With Covid-19 cases declining in the United States, mask mandates lifting, and life getting back to a little more like normal, many employers are considering bringing employees back to the office, and how to do so safely. As a part of this return to in-office work, many employers are gauging vaccination rates among staff and asking whether they can provide a little extra incentive to employees to get their shots. But is this legal?
Yes. The EEOC recently issued guidance that makes clear that an employer may offer incentives to employees to get vaccinated. The EEOC draws a distinction between an employer offering incentives for employees to get vaccinated through the employer (through a vaccination clinic on-site, for example) and employees being vaccinated on their own through a pharmacy or other health care provider.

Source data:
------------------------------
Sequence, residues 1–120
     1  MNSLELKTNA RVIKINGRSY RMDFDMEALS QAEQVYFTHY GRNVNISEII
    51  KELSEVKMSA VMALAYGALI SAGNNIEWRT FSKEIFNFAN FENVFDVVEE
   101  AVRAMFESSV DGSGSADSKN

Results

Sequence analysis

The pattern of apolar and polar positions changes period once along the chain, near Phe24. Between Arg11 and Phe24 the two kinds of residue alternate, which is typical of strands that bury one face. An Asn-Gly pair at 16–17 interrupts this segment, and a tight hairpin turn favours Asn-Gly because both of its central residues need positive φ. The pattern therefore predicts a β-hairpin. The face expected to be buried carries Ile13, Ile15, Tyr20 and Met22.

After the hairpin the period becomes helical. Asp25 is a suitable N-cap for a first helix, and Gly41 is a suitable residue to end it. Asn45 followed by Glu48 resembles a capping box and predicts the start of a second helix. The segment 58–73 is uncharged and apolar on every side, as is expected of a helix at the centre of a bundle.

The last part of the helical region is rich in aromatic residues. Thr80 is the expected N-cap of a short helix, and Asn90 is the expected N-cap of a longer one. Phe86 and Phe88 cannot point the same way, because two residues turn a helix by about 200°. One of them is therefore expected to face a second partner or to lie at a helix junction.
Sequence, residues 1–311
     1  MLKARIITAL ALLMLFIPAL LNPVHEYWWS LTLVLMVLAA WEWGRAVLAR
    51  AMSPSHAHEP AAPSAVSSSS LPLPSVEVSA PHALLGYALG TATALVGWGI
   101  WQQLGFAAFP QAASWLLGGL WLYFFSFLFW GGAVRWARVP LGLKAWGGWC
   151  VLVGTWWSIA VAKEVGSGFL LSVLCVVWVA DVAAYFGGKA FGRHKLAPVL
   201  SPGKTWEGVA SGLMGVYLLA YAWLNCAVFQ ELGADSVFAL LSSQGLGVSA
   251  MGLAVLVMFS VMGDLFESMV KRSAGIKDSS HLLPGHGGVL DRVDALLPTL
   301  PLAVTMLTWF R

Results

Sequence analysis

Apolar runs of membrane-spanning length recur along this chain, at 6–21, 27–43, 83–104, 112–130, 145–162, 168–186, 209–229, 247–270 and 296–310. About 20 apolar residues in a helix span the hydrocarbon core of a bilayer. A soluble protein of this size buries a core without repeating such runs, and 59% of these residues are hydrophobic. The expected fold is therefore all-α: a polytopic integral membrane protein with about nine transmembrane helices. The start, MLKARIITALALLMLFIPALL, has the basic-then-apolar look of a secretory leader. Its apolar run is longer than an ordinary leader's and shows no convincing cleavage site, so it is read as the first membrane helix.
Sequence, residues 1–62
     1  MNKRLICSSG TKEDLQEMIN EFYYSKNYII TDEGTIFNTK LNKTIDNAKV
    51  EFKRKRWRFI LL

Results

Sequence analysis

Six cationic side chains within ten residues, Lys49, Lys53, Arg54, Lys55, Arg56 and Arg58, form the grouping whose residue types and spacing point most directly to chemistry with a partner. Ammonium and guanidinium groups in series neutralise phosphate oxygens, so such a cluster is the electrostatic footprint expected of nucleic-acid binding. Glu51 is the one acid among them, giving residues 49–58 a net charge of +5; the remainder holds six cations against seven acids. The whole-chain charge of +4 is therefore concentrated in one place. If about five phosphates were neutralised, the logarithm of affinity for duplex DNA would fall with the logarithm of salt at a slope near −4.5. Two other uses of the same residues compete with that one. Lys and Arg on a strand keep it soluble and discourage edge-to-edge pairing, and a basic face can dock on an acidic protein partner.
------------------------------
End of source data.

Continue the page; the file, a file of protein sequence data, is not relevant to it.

If an employer is the one offering the vaccine, then any incentive must not be “so substantial as to be coercive.” There is no corresponding limit on the size or nature of an incentive (or penalty) offered by employers asking for proof of vaccinations obtained in the community, but employers would be well-cautioned to be careful in setting the size of an incentive. In either situation, a $50 or $100 gift card may motivate employees who are on the fence about being vaccinated, when a $5 or $10 gift card might not move the needle (so to speak).
If an employer decides to offer vaccination incentives, it must be careful to protect employee confidential health information if it is going to keep a record of proof of vaccination. Similarly, employers should bear in mind that the IRS considers cash or cash equivalents (like a gift card) as “never excludable from income” – i.e. it would need to be reported as part of the employee’s income for employer and employee payroll tax purposes.
If you have any questions about Covid-19 vaccination incentives or workplace policies, please reach out to your FOS attorney.